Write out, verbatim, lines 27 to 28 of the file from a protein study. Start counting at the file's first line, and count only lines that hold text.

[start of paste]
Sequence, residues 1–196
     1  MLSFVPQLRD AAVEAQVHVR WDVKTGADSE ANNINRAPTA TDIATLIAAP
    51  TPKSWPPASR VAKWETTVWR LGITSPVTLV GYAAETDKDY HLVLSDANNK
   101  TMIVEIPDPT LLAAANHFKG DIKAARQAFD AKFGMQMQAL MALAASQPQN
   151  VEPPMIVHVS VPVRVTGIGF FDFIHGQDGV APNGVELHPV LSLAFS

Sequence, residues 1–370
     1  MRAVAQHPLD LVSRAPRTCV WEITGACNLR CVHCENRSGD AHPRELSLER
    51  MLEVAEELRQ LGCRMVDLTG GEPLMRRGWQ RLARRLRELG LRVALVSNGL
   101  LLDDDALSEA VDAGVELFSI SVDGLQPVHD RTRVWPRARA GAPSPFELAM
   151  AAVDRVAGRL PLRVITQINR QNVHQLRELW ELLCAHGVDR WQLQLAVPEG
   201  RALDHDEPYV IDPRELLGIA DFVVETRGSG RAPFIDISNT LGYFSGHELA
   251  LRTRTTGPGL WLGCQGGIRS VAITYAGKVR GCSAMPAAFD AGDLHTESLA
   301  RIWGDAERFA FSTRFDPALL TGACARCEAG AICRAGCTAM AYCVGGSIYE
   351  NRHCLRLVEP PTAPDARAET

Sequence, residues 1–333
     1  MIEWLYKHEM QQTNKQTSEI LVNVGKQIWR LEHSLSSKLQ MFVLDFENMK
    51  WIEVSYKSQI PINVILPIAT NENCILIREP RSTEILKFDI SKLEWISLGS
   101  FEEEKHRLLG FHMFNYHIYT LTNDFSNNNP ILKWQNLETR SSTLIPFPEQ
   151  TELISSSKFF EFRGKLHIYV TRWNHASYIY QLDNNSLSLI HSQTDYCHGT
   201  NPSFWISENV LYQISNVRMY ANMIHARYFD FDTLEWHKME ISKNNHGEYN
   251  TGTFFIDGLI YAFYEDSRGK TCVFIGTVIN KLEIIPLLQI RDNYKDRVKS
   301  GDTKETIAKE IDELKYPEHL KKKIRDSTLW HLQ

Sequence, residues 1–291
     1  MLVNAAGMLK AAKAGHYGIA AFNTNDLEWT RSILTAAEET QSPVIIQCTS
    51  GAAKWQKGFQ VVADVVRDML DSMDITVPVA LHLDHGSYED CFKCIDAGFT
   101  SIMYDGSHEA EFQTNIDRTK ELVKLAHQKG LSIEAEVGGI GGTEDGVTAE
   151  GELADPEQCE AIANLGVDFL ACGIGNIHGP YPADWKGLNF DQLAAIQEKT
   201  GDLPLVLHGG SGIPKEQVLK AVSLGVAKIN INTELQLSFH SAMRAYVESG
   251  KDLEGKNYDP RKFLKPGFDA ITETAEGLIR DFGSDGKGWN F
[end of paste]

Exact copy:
   151  GELADPEQCE AIANLGVDFL ACGIGNIHGP YPADWKGLNF DQLAAIQEKT
   201  GDLPLVLHGG SGIPKEQVLK AVSLGVAKIN INTELQLSFH SAMRAYVESG